The “Made in Thailand” exhibition kicked off in Phnom Penh this week, less than a year after the border dispute at Preah Vihear temple led Thailand to cancel trade fairs in Cambodia.
Exhibitors at the Mondial Center on Monday, which was the second day of the five-day fair, sold everything from pans to stationery and cosmetics, all of it imported from Thailand.
“Business is as good [as] last year,” said Nhem Puthy, general manager for a cosmetics import and export company, a view echoed by other vendors.
The exhibition, which is in its ninth year in Phnom Penh, was organized by the Thai Ministry of Commerce, said Poonsak Khunudom, a trade officer with the Thai Embassy.
“The main purpose is to build the relationship between the ministries of commerce of both countries, and increase the volume of trade,” he said in a telephone interview Monday.
The number of booths at the “Made in Thailand” trade fair dropped this year to 214 from about 270, said Poonsak Khunudom, who added that this was within the range of 200 to 270 booths seen during previous exhibitions. He said the Thai government got less space for the fair because of higher rent prices.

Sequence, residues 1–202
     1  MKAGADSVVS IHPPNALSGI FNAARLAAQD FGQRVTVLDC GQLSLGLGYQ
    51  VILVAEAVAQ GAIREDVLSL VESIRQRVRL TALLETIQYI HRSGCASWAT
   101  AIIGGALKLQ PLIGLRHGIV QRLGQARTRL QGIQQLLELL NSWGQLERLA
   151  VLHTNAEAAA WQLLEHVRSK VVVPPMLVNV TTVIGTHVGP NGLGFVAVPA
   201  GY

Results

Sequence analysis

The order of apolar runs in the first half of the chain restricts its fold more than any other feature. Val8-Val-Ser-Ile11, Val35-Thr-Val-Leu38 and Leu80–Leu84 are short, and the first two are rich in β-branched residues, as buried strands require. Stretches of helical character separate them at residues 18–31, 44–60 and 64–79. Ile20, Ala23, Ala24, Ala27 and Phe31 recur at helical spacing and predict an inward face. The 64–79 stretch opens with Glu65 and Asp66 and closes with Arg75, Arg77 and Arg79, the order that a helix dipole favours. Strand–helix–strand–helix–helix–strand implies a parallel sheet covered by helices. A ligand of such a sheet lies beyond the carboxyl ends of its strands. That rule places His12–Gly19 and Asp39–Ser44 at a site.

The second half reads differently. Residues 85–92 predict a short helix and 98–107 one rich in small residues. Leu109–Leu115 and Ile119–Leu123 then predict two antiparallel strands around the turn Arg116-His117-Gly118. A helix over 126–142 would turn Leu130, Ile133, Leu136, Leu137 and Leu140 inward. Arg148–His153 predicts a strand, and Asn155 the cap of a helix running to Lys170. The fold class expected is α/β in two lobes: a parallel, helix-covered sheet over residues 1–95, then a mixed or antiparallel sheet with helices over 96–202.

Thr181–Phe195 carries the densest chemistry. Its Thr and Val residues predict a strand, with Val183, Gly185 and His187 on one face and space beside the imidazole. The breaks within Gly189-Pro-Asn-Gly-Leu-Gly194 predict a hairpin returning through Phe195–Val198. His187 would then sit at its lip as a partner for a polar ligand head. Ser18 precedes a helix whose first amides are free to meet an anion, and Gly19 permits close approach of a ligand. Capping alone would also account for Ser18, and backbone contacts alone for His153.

Business experts warned at the time that the border dispute at Preah Vihear, which led to clashes in Oct 2008, could hurt Cambodian and Thai trade. But according to Poonsak Khunudom, the volume of trade between Thailand and Cambodia increased to more than $2 billion in 2008 from about $1.8 billion in 2007. Most of the trade, however, between the countries was going from Thailand to Cambodia.
Thon Virak, deputy general director of foreign trade for the Ministry of Commerce, said Cambodia imported about $1.4 billion worth of goods from Thailand in the first 10 months of 2008, while sending about $74 million in exports to its neighbor. He said that he didn’t have data for any of 2009 or the last two months of 2008. Some of the main imports from Thailand include refined oil, motorcycles and sugar, he added.